Authors: Katharine G. Young
Addresses: Boston College Law School, 885 Centre Street, Newton MA 02459, USA
Abstract: The COVID-19 pandemic has produced a health and economic crisis of unprecedented scope. As economists and policymakers turn to the task of recovery, protecting human rights remains intrinsically important, both morally and legally. It is also instrumental to the ends of public health and economic resilience. This article argues that the human rights to life, health, education, social security, housing, food, water and sanitation - among the so-called economic and social rights - are as essential as civil and political protections. Moreover, rather than simply ameliorate the inevitable indignities and material deprivations caused by the COVID-19 pandemic, the implementation of duties to respect economic and social rights should help ensure their protection in the post-COVID-19 economy. For this to occur, however, the article suggests that the application of human rights to the economic recovery must be informed by a longer history of economic crises and be assisted by both international and comparative economic and social rights legal frameworks and participatory processes.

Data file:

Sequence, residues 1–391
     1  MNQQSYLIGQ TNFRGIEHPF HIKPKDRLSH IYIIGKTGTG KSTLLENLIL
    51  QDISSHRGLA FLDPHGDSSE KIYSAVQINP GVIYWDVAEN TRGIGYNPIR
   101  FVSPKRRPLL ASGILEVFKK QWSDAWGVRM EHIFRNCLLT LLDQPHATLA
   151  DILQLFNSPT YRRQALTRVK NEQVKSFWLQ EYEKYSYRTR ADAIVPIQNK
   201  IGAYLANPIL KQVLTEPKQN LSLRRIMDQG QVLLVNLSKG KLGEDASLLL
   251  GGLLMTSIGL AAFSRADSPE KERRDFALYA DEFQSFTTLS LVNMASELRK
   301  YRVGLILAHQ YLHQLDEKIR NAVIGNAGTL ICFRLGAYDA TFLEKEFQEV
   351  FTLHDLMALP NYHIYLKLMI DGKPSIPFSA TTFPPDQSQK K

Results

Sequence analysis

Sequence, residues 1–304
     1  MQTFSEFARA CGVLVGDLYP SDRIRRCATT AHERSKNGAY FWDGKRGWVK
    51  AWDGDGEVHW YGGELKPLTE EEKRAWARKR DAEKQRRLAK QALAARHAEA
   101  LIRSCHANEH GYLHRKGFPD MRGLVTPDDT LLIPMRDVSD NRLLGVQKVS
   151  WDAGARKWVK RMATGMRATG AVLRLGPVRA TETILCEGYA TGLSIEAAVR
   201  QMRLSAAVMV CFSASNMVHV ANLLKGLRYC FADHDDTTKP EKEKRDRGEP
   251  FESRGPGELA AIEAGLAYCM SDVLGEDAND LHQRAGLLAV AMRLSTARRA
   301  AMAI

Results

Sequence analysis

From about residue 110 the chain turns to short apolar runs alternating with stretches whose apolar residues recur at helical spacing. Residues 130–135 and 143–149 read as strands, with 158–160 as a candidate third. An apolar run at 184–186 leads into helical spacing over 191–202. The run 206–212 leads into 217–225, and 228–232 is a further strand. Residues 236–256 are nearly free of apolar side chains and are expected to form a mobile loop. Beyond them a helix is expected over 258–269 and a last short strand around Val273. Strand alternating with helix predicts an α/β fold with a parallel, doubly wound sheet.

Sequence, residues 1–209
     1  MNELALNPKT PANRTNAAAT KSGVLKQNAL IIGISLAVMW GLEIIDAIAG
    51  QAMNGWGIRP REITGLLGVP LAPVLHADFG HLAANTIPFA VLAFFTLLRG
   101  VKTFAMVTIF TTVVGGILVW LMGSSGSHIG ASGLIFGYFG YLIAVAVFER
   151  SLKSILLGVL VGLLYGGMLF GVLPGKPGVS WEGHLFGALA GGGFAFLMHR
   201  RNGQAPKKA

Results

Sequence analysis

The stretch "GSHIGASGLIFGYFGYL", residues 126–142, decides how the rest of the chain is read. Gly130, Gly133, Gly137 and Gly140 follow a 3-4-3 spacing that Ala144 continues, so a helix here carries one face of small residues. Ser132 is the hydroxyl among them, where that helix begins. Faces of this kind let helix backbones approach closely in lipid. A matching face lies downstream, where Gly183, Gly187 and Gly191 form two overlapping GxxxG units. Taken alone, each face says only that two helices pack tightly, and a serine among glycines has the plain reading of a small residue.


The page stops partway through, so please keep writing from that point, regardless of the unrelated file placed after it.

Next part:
Keywords: human rights; COVID-19; economic recovery; crisis; economic and social rights; Great Depression; Universal Declaration of Human Rights; Global Financial Crisis; right to life; right to social security; progressive realization; non-retrogression; minimum core; maximum available resources; constitutional rights.
International Journal of Public Law and Policy, 2020 Vol.6 No.4, pp.390 - 415
Received: 28 Sep 2020
Accepted: 11 Nov 2020
Published online: 26 Apr 2021 *